There is a clause in the Landlord Law tenancy agreement (in most of our templates this is clause 11.4) which is continually being misunderstood by landlords and which I have discussed several times in the forum. So I am doing a general post here to explain it.
Although I have already discussed this clause in the Landlord Law Blog here back in April 2010.
At that time the clause was worded:
During the last month of the fixed term (and not later than seven days before the end of the fixed term), you must tell us whether you intend to stay in the Property or leave at the end of the fixed term.
Landlords complained that seven days was far too short a period and that tenants should be made to give two months notice or have to pay rent in lieu.
The trouble is though that a fixed term tenancy will always end at the end of the fixed term under a rule known as ‘effluxion of time’. It is only if the tenant is still in the property after the fixed term ends that the periodic tenancy comes into being.
If the tenant has vacated by the time the fixed term has ended then the tenancy will end.
This was made very clear in the Superstrike case in 2013 – although this was about deposits, the whole basis of the decision was that tenancies end at the end of the fixed term and that periodic tenancies are new tenancies that start after the fixed term has ended.
I did a post about this on the Landlord Law Blog here at the time.
The Landlord Law clause is not requiring the tenant to give notice as a condition of ending the tenancy. It is a clause requiring the tenant to let the landlord know what their intentions are.
There are a number of things that landlords need to do when tenancies end, such as checkout meetings, booking inventory clerks and so on. My clause is intended to make it easier for landlords to claim compensation if they incur extra costs as a result of the tenant failing to keep them informed
I have now amended the clause and it now reads:
During the last two months of the fixed term (and not later than 28 days before the end of the fixed term), you must tell us whether you intend to stay in the Property or leave at the end of the fixed term. This is to allow us time to make all necessary arrangements for receiving the Property back such as arranging for a check out meeting and finding a replacement tenant. You will be responsible for refunding to us any additional expenses which we may incur as a result of your breach of this clause. This clause does not affect your legal rights.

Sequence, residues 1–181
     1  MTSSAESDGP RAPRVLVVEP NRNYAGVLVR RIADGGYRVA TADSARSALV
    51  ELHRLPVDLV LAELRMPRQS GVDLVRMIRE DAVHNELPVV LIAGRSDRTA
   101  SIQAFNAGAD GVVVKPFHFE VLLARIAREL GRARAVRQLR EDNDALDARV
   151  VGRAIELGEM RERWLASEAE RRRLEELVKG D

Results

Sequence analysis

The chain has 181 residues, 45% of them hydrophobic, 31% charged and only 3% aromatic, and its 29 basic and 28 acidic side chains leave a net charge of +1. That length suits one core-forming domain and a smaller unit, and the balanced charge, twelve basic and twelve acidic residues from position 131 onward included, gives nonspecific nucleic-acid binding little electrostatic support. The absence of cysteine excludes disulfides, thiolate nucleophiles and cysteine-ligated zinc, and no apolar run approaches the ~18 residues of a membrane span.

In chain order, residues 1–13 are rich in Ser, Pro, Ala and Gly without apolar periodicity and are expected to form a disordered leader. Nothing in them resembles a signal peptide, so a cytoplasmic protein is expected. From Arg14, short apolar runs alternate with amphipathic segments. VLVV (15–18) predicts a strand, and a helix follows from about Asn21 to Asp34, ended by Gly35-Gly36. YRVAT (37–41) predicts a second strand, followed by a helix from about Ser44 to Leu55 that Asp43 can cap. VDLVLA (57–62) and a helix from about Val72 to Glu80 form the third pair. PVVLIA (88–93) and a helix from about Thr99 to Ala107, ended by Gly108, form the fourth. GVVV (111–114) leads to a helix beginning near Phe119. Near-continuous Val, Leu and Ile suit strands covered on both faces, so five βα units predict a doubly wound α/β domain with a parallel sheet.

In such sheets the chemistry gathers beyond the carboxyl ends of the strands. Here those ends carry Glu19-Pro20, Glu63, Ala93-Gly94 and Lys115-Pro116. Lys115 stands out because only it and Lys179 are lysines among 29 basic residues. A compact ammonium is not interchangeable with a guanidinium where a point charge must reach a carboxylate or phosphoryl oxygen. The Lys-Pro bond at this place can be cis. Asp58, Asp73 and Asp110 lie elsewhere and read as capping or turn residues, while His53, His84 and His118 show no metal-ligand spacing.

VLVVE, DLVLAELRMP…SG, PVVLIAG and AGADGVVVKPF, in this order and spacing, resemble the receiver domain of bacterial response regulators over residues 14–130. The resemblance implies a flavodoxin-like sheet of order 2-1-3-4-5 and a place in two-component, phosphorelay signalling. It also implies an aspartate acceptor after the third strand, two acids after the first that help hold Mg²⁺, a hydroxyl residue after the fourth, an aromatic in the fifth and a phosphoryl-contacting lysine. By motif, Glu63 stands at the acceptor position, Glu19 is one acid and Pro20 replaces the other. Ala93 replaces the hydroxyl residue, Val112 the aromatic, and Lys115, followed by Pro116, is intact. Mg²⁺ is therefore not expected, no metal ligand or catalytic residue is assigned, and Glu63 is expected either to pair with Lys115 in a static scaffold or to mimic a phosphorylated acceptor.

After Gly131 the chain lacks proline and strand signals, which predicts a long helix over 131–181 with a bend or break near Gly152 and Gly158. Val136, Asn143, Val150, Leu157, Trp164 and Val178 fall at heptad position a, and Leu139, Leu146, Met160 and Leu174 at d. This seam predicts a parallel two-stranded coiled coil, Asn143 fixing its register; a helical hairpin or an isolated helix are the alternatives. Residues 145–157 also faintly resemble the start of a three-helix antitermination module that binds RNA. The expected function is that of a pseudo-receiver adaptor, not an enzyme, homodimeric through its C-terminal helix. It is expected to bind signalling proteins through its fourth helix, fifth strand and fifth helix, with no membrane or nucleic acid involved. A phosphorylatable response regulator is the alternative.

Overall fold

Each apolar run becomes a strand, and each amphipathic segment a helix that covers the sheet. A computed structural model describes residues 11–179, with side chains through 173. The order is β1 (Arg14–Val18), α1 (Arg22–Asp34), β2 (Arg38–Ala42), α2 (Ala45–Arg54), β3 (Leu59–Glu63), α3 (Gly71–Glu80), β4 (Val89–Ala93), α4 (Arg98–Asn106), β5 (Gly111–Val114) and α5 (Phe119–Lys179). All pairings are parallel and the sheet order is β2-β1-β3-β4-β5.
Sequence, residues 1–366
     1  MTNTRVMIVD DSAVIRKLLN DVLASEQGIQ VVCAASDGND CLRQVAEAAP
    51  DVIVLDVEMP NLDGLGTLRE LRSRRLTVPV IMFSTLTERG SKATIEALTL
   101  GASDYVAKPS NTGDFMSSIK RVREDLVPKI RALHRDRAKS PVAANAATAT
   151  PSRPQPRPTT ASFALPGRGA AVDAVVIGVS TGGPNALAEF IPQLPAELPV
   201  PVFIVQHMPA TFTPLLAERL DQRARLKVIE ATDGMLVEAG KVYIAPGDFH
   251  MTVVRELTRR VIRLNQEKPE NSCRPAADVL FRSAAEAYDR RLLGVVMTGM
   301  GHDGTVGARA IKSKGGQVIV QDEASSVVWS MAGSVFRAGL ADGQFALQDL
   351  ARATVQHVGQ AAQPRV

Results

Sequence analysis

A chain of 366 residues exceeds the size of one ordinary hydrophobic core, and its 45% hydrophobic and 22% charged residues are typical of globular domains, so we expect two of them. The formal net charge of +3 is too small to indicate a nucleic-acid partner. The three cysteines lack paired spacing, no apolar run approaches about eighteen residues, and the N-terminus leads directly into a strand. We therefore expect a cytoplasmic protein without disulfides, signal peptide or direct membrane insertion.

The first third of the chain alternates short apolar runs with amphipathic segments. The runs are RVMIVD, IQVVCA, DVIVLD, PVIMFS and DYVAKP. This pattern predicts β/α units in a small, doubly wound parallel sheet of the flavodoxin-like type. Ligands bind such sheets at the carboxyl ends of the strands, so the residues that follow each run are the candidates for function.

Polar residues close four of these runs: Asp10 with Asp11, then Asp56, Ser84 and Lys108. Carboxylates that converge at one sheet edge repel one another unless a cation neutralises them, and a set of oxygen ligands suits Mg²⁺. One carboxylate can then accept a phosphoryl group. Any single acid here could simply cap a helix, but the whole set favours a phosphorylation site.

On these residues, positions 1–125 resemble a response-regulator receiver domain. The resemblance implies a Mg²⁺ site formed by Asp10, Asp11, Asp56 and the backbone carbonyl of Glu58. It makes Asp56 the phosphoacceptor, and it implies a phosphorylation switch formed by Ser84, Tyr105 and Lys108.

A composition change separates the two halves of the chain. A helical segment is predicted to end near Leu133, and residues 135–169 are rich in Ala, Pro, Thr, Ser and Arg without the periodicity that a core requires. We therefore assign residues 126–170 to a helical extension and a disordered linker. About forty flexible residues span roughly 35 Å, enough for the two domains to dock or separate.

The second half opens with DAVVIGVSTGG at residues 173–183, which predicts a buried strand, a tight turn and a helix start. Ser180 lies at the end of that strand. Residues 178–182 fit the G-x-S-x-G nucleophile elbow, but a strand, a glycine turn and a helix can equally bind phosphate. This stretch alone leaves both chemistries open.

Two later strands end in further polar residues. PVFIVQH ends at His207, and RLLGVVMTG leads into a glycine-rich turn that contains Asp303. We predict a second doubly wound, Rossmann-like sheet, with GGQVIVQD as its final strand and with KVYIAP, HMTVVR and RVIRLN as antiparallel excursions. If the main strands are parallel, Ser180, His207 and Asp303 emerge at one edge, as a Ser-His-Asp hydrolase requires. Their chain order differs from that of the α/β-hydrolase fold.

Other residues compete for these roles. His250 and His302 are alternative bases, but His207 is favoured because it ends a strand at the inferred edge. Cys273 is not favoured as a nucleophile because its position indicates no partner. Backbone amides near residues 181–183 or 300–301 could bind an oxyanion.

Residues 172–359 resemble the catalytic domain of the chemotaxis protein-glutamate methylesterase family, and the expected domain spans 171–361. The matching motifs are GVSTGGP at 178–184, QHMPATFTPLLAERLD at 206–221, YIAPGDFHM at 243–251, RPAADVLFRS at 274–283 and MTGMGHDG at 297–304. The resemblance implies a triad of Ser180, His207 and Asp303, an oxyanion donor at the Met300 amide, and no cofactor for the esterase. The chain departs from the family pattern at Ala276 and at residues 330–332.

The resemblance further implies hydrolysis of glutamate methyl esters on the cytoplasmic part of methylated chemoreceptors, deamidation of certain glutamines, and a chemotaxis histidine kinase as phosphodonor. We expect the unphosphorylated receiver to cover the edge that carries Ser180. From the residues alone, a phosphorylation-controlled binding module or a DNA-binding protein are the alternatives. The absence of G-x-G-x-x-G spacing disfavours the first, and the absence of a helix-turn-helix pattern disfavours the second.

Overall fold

I still get questions in the forum though from landlords who want the notice period to be longer and who want to be entitled to charge ‘rent in lieu’ if the tenant fails to give the required notice.
However, any clause which requires tenants to pay rent in lieu of notice will almost certainly be void and would also be unfair under the unfair contract terms rules which are now part of the Consumer Rights Act 2015.
As it would be purporting to remove the right of a tenant to be able to rely on the ending of the fixed term as set out in the tenancy agreement and would go against the long-established legal rule of tenancies ending by effluxion of time.
In the most recent forum post it was also suggested that the rules might be different where the tenancy agreement provided for a contractual periodic tenancy after the fixed term ends.
However, that is a misunderstanding of what a contractual periodic tenancy is.
A periodic tenancy can either be imposed by statute or by contract. But in both cases, it is about something that happens if the tenant has not vacated by the end of the fixed term.
A tenancy is either a fixed term one or a periodic one. You can’t have some sort of hybrid tenancy where the date the fixed tends varies depending on whether the tenant gives notice or not.
The type of tenancy where the ending date depends on the tenant (or the landlord) giving notice is a periodic tenancy!
The fact that your periodic tenancy is created under the terms of your tenancy does not mean that you can therefore reach back and change the rules about effluxion of time and the date that your fixed term ends.
With an AST, a periodic tenancy will (unless the tenancy agreement provides for a contractual periodic) come into being because section 5 of the Housing Act 1988 says so.
So what about unregulated common law tenancies where the Housing Act 1988 does not apply? These will mostly be company lets or lets of self-contained accommodation where the landlord lives in the same building.
What is the situation here if the tenant remains in occupation at the end of the fixed term? The tenancy will have ended.
The answer is that it depends on what happens.
If the tenants pay rent which is accepted by the landlord then a new periodic tenancy will be created – as section 54(2) of the Law of Property Act says you do not need to have a written agreement if the term is less than three years.
So if the landlord does not want this to happen he must either refuse to accept the rent or make it clear that it is accepted on the basis that it is ‘mense profits’ and without any intention to create a new tenancy.
Hopefully, that will resolve questions about the clause. If members have any thoughts or comments, please put them in the forum.